Why are you blaming the victims? It's not difficult to determine that the current penal system is ridiculous, and unlike us, it's their responsibility to do so. <hyperbole magnitude="a bit"> Instead, they focus on making copyright legislation to support corporate interests. And the courts focus on whether or not the 5th Amendment was a good idea after all. </hyperbole>
I agree with you completely that we should be doing more to advocate for reform, but it is far from being our fault.
The public just needs to make sure that they do make changes and aren't just happy with them eating crow. Saying shit is broken just to look good does nothing for the people, but if they actually fix shit then they can say whatever they want imo.
Confirmed here: http://www.huffingtonpost.com/2013/01/15/darrell-issa-aaron-...
A) Worked with Aaron Swartz to fight SOPA,
B) Sits on the House Judiciary Committee, and
C) Has a history of hauling the Justice Department before Congress.
Rep. Zoe Lofgren and Rep. Jared Polis are also on the House Judiciary Committee, and could potentially lend bipartisan support to any investigation.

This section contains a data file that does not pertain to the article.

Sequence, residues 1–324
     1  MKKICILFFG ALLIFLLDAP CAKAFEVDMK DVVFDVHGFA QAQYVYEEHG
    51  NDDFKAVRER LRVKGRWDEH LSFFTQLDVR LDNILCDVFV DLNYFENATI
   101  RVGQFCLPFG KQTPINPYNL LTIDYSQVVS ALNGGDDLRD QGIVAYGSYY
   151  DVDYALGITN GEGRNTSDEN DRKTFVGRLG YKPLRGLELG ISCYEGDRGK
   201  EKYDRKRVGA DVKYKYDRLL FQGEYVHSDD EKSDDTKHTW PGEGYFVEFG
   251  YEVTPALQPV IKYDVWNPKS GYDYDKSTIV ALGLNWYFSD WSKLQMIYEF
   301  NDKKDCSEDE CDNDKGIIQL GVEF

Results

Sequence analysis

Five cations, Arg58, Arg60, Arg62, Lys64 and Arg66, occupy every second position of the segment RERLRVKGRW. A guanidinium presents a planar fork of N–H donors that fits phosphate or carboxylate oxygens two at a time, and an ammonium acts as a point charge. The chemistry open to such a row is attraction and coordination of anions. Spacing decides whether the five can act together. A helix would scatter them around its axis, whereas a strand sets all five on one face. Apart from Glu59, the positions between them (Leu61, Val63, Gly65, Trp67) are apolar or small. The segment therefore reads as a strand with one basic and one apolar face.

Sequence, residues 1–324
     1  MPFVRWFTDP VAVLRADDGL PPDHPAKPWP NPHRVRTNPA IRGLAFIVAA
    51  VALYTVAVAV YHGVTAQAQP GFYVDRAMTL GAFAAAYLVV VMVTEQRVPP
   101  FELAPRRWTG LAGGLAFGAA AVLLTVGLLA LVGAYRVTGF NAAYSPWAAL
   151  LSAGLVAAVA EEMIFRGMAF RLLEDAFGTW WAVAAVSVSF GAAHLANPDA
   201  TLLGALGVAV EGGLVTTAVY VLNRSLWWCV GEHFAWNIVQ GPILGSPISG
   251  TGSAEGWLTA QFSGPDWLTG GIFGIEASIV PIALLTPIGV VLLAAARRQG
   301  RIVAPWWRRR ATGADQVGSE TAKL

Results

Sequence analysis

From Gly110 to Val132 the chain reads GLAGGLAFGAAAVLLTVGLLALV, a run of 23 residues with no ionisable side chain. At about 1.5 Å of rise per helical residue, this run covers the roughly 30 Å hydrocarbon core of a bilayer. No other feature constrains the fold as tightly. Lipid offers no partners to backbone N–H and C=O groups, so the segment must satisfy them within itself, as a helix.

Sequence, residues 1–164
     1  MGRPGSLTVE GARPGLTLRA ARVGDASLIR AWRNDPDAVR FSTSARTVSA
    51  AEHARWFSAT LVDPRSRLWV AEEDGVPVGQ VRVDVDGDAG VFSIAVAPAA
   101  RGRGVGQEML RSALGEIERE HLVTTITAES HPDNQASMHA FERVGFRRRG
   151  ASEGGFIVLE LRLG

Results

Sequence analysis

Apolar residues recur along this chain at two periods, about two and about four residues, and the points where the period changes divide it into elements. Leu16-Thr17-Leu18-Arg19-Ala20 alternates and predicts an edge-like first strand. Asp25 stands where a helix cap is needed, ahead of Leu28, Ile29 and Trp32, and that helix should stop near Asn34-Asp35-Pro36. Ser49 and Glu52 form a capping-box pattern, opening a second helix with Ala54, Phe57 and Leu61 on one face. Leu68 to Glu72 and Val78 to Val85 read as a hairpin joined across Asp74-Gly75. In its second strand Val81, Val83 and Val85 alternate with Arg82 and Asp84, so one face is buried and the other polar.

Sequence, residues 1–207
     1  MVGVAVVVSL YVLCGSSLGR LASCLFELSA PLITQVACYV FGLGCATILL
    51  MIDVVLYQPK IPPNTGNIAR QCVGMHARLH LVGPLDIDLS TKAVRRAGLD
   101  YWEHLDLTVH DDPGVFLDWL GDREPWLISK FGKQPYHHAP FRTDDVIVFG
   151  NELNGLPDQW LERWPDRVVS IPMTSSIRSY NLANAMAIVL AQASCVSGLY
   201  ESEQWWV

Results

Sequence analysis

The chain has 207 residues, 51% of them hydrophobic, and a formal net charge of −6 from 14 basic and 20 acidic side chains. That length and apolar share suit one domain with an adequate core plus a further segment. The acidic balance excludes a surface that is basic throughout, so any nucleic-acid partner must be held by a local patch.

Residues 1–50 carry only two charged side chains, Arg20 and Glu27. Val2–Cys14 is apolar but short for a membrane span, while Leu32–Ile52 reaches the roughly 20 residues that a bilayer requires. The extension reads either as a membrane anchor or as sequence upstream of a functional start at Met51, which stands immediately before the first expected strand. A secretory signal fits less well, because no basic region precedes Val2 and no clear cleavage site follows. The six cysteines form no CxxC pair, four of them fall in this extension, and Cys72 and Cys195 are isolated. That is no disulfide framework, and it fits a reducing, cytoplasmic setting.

Not going to lie, that sentence chills my bones. Lack of judicial discretion got us minimum sentences in the "war" on drugs. I don't have much faith that lack of any prosecutorial discretion will turn out much better.
This is a power grab by congress, nothing more.
This type of shit happens every day. This is how prosecutors in this country operate.
The prefilled text is about the CFAA, but you can change it to say whatever you want before sending it. Don't feel apathetic, or think that you can't make a difference. One thing Aaron Swartz showed us is that Congress can be made to listen to the public, if we are loud enough.
Now we, as a community, need to keep up the pressure on lawmakers and make sure meaningful reforms are passed to make sure something like this never, ever happens again.
1. Maximum sentence cannot be more than twice any offered plea bargain.
2. Making the counts non-severable. Or the defense only needs to win half of them to be cleared of all charges. Something needs to discourage stacking on limitless ridiculous charges and hoping some stick.
3. The government needs to cover the expenses for the defense, limited to the amount spent on the prosecution. (this doesn't seem politically palatable, but it needs to be addressed somehow)